Today let’s work on a sets problem using Venn diagrams!

In 1997, N people graduated from college. If 1/3 of them received a degree in the applied sciences, and, of those, 1/4 graduated from a school in one of six northeastern states, which of the following expressions represents the number of people who graduated from college in 1997 who did not both receive a degree in the applied sciences and graduate from a school in one of six northeastern states?

(A) 11N/12
(B) 7N/12
(C) 5N/12
(D) 6N/7
(E) N/7

This question can be solved using a Venn diagram or a matrix to make sense of the information:

The key to understanding this question lies in the last sentence:

who did not both receive a degree in the applied sciences and graduate from a school in one of six northeastern states?

We have two categories to sum: the people who ONLY received a science degree but NOT from one of the 6 schools, and the people who ONLY went to the 6 schools but did NOT receive a science degree. I made up variables for these categories (x and y).

If N = 12, there are 4 applied science students, 1 of which is both. That means x = 3. If 4 students are applied science, then 12-4 = 8 are from one of the six states but NOT applied science. y = 8.

3 + 8 = 11

So we are looking for an answer choice that gives us 11 when N = 12; the answer is (A).

Tough GMAT: Quant Question of the Day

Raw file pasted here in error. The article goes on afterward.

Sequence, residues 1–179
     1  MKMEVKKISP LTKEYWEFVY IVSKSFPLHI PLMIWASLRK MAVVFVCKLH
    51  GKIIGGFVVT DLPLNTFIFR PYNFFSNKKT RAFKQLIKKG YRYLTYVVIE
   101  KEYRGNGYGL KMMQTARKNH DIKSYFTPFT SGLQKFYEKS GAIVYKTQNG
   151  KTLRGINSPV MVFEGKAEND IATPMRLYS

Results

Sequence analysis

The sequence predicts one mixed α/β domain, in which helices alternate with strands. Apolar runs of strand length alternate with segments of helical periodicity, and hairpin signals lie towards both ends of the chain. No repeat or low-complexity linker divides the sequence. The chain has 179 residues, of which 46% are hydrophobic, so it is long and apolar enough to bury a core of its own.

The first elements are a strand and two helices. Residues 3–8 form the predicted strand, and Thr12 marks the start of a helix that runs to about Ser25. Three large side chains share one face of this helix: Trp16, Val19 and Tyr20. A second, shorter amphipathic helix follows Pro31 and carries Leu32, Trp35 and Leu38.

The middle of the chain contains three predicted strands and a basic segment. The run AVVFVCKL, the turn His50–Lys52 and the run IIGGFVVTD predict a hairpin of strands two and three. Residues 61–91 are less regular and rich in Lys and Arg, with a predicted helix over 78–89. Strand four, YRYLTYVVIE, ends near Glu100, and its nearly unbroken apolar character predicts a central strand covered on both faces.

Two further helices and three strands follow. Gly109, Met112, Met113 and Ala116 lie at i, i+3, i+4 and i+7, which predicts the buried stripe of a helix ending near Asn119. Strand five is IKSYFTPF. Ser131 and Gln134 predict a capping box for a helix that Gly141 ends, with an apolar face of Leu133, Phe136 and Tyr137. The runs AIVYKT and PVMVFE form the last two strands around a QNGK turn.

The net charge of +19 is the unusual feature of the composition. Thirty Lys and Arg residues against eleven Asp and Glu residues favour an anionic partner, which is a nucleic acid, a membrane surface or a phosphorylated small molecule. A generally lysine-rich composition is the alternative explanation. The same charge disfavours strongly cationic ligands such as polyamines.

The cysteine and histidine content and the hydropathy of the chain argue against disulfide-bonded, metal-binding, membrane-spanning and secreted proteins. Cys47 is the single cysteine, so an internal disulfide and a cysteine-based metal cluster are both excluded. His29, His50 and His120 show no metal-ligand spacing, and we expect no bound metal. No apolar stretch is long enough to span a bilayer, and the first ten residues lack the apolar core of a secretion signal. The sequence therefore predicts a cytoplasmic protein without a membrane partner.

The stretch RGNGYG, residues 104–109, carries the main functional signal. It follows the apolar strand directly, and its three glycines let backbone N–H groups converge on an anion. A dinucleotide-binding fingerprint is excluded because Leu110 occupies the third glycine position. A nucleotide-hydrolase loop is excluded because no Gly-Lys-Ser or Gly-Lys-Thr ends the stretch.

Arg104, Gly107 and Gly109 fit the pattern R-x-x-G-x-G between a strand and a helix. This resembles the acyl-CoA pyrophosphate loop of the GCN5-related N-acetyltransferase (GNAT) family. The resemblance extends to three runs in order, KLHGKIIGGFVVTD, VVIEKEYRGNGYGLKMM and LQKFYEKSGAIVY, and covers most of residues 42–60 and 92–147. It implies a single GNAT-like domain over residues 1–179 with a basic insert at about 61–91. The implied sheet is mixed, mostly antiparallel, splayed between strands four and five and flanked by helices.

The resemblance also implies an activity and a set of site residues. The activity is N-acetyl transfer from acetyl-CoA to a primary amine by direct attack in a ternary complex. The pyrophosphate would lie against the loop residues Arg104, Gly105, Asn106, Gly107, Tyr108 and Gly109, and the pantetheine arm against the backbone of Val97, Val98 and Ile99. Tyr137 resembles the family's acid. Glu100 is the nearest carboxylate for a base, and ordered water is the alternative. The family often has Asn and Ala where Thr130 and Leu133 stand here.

Today, we’ll take a look at a question from the Official Guide from GMAC dealing with sets! As always, try it on your own, then scroll down for an explanation! 🙂

Of the 200 students at College T majoring in one or more of the sciences, 130 are majoring in chemistry and 150 are majoring in biology. If at least 30 of the students are not majoring in either Chemistry or Biology, then the number of students majoring in both chemistry and biology could be any number from:

A) 20 to 50
B) 40 to 70
C) 50 to 130
D) 110 to 130
E) 110 to 150

The question asks what “x” could be.

150 = B + X

130 = C + X

B + C + X = 170

The MAXIMUM overlap is 130, since the Chemistry circle cannot be GREATER than 130. From there we know the answer must be either (C) or (D).

Plugging in our first two equations:

(150 – X) + (130 – X) + X = 170

150 – X + 130 – X + X = 170

150 – X + 130 = 170

150 – X = 40

– X = 40 – 150

-X = -110

X = 110

The answer is (D).

GMAT Data Sufficiency Problem of the Day!

Check out this mean and consecutive numbers question from GMAT Prep!

What is the average (arithmetic mean) of 11 consecutive integers?

1) the average of the first nine integer equals 7
2) the average of the last nune integer equals 9.

To start, recognize that this is a “value” DS question, so we need to know the exact average in order to have sufficiency.